The persecution of the Jews had been increasing in intensity ever since Hitler came to power in 1933 through a series of anti-Jewish laws restricting the rights of German Jews to means of livelihood and dignified lives. This persecution was heightened by the first mass deportation of Jews from Germany in the so-called “Polenaktion” (Polish action) in which more than 17,000 Polish Jews were expelled from Germany on 28 October 1938. They were ordered to leave their homes in a single night and were allowed only one suitcase per person to carry their belongings. They were put on trains to the Polish border where the Polish border police pushed them back into Germany. This continued for days in the November cold and rain, with the persecuted remaining without food and shelter between the two borders. A British newspaper wrote that hundreds “are reported to be lying about, penniless and deserted, in little villages along the frontier near where they had been driven out by the Gestapo and left.” A British woman, who had gone to help the expelled people, recalled that conditions in the refugee camps “Were so bad that some actually tried to escape back into Germany and were shot.”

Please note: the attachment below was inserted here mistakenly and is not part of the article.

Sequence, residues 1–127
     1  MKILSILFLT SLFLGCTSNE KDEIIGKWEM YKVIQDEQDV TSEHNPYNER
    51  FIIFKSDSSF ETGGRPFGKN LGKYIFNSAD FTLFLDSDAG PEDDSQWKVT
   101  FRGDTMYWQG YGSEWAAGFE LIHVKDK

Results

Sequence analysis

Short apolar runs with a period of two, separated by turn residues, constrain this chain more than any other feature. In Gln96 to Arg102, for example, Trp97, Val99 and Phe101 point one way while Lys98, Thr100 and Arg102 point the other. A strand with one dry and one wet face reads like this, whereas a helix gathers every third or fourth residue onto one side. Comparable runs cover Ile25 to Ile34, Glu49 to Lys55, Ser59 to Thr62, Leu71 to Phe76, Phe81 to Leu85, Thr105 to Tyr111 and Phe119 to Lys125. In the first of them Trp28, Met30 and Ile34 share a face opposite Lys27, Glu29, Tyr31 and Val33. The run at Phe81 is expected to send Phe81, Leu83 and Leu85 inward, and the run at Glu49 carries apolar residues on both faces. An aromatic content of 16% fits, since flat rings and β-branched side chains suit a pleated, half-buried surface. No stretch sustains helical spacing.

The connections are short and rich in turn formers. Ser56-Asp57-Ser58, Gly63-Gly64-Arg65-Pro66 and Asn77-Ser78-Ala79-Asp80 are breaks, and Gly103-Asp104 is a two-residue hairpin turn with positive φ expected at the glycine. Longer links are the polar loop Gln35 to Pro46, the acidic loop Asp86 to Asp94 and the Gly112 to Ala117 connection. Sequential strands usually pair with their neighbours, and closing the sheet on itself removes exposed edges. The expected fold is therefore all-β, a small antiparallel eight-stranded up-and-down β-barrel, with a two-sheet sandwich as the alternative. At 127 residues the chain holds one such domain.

Among these expelled Jewish families was the Grynszpan family. The family had emigrated from Poland in 1911 and had been living in Hannover ever since. On 3rd November 1938, their 17 year old son, Herschel Grynszpan, who was living in Paris with his uncle, received a postcard from the family describing the dire situation on the German-Polish border. They asked him for any help he could provide. On 7th November 1938, Herschel went to the German embassy in Paris with a revolver and fired five bullets at Ernst vom Rath, a German diplomat. Herschel made no attempt to escape and freely confessed to the shooting. He carried a postcard in his pocket with the message to his parents, “May God forgive me … I must protest so that the whole world hears my protest, and that I will do.”